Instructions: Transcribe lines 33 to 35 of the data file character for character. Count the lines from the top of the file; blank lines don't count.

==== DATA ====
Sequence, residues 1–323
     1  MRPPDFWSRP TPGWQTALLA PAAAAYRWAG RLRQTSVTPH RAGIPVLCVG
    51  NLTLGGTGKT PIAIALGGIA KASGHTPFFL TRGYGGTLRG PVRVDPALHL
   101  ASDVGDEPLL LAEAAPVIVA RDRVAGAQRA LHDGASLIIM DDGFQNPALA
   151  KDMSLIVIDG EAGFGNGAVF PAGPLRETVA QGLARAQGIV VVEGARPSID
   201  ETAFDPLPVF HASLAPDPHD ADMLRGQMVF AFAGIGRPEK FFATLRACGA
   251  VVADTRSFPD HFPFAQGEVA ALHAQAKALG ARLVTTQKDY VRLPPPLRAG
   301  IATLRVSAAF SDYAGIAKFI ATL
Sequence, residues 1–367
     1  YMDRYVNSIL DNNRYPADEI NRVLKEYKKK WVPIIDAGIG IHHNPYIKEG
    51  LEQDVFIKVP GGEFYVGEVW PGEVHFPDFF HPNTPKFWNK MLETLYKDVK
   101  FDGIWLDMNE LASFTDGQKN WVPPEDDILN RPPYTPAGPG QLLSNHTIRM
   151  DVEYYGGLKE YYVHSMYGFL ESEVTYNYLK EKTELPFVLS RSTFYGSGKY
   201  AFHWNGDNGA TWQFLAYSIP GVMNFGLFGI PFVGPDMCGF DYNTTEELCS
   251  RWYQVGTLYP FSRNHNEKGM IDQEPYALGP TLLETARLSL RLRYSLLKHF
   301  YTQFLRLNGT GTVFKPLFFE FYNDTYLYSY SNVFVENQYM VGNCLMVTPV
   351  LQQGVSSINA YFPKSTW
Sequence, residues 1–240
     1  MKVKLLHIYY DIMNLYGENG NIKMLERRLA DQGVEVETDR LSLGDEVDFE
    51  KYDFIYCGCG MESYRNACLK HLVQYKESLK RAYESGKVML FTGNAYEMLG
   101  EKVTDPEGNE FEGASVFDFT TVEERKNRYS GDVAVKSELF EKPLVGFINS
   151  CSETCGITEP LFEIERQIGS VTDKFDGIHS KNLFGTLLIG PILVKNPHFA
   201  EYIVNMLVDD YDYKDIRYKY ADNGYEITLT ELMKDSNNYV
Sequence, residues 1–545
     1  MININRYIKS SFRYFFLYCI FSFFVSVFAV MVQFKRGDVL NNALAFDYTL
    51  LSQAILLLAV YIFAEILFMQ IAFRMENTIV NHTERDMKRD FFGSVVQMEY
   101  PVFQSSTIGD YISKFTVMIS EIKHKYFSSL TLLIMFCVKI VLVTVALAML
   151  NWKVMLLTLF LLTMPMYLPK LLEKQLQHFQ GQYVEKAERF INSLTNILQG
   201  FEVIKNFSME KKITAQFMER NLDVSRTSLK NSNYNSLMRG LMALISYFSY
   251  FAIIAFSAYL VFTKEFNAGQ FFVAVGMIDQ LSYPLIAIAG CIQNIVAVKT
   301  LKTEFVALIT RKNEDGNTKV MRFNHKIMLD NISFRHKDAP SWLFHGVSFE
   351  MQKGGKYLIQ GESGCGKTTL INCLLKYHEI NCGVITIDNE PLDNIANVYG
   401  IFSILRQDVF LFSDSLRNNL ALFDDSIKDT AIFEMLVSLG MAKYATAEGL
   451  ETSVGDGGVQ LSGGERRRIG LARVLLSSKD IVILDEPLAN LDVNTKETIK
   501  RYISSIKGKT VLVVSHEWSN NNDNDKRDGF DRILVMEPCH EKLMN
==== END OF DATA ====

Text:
   401  IFSILRQDVF LFSDSLRNNL ALFDDSIKDT AIFEMLVSLG MAKYATAEGL
   451  ETSVGDGGVQ LSGGERRRIG LARVLLSSKD IVILDEPLAN LDVNTKETIK
   501  RYISSIKGKT VLVVSHEWSN NNDNDKRDGF DRILVMEPCH EKLMN